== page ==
What you need to know:
- Egypt depends on the Nile for 90 percent of its water supply and sees the dam as an existential threat
- The situation today seems a far cry from last year, when the International Crisis Group warned against "violent conflict" over the issue
- A final agreement is now expected on January 29, overseen by the US Treasury Department and the World Bank
Progress towards a final agreement between Egypt, Ethiopia and Sudan over what is set to be Africa's largest dam has eased tensions around Addis Ababa's mega-project on the Nile.
Egypt released a statement Thursday toning down years of rhetoric and suggesting a conciliatory approach ahead of a final accord.
That came shortly after the three countries announced a meeting in Washington on January 28-29 to finalise the deal.
Cairo intends "to continue its efforts towards concluding a balanced and just final agreement... which secures the three countries' common interests," the foreign ministry said in Cairo.
Egypt depends on the Nile for 90 percent of its water supply and sees the dam as an existential threat.
Ethiopia, which wants to boost its electricity supplies, insists that Egypt's access to water will not be affected.
After three days of talks in the US capital, the countries' foreign ministers "noted the progress achieved," in a joint statement released Wednesday.
A draft deal saw Ethiopia commit to fill the 1.8 kilometre dam, under construction since 2011, only during the rainy season.
The compromise sealed Wednesday is a sign of major progress after nearly a decade, said Hany Raslan, an expert on the issue at Cairo's Al Ahram Centre for Political and Strategic Studies.
"This initial agreement is close to what the Egyptian side demanded but there are still many technical details to be ironed out," he added.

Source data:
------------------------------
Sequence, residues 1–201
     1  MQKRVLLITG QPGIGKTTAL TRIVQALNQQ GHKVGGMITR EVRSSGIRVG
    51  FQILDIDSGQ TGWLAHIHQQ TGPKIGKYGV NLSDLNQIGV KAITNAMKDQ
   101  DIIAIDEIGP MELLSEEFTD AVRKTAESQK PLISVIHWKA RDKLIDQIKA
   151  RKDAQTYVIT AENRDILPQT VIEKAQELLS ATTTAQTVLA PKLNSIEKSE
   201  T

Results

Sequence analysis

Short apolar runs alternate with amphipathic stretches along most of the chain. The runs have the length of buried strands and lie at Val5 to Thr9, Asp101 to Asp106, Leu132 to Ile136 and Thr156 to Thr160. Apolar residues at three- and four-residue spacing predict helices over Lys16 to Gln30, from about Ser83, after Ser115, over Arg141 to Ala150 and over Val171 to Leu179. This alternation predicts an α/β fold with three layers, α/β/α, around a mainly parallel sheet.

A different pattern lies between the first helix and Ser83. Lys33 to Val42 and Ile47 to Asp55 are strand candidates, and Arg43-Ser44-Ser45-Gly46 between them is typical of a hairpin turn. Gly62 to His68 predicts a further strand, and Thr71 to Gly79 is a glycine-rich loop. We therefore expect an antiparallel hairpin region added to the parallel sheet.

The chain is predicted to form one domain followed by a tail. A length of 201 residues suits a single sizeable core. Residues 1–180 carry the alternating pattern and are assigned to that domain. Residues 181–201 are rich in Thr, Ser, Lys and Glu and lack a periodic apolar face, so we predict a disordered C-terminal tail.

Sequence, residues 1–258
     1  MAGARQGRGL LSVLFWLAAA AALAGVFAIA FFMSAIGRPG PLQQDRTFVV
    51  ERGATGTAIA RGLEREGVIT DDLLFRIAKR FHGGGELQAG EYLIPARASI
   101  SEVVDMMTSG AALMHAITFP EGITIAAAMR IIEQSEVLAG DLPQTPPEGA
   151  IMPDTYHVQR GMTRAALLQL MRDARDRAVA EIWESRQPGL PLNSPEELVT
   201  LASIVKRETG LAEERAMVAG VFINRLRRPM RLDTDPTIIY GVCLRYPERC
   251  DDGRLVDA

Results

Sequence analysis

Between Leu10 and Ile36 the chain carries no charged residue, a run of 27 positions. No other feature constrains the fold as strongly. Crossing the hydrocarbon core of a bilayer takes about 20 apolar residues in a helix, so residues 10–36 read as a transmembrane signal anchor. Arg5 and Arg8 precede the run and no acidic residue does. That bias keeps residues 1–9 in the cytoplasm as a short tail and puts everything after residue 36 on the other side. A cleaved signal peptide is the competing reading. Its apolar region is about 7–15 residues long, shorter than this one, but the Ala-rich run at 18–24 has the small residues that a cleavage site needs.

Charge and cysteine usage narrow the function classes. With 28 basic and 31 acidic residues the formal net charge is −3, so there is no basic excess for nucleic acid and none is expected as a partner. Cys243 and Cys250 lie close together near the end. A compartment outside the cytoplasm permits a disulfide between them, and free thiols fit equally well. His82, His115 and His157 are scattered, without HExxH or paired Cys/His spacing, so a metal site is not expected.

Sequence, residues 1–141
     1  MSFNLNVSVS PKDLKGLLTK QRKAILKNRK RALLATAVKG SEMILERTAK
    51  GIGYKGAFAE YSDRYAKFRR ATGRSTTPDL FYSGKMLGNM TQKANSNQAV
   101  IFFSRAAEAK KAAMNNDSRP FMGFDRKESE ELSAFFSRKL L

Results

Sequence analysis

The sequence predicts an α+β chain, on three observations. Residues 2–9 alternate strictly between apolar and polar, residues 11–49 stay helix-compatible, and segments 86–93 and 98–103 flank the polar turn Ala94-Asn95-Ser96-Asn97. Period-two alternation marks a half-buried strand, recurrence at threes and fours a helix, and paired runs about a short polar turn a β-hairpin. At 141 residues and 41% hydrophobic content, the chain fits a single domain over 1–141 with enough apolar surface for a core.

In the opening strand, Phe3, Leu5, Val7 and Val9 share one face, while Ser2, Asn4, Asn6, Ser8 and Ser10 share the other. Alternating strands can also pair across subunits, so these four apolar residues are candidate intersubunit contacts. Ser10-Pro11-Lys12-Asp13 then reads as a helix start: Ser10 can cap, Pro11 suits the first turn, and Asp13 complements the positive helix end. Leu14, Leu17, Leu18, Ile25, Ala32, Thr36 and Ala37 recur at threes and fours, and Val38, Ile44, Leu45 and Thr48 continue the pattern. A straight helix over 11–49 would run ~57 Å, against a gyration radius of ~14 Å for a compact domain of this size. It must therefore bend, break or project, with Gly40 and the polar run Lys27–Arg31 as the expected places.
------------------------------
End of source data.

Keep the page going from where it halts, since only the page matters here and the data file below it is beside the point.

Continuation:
The situation today seems a far cry from last year, when the International Crisis Group warned against "violent conflict" over the issue.
Ethiopian Prime Minister and Nobel Peace prize winner Abiy Ahmed said in 2018 that he could mobilise millions of citizens for a war to defend his country's right to build the Grand Ethiopian Renaissance Dam (GERD) if need be.
"We have to keep in mind that five million cubic metres of water affects around one million acres of arable land in Egypt - people's livelihoods are at stake," Raslan noted.
The Nile River is the longest in the world, crossing 11 countries, but the dispute centres around Ethiopia and Egypt.
Addis Ababa wants to fill the dam quickly to set in motion the $4.2 billion hydroelectric barrage to double its electricity output, while Cairo wants the reservoir filled over several years.
A final agreement is now expected on January 29, overseen by the US Treasury Department and the World Bank.
Addis Ababa will aim for the dam to rapidly reach 595 meters (1,952 feet) above sea level, with later fillings determined according to river conditions.
The dam will be filled "in stages... in an adaptive and cooperative manner that takes into consideration the hydrological conditions of the Blue Nile," said a joint statement released Wednesday by the United States.
"But the devil is in the details really," Raslan said.
Ethiopia says power generation is expected to begin by the end of this year and be fully operational by 2022.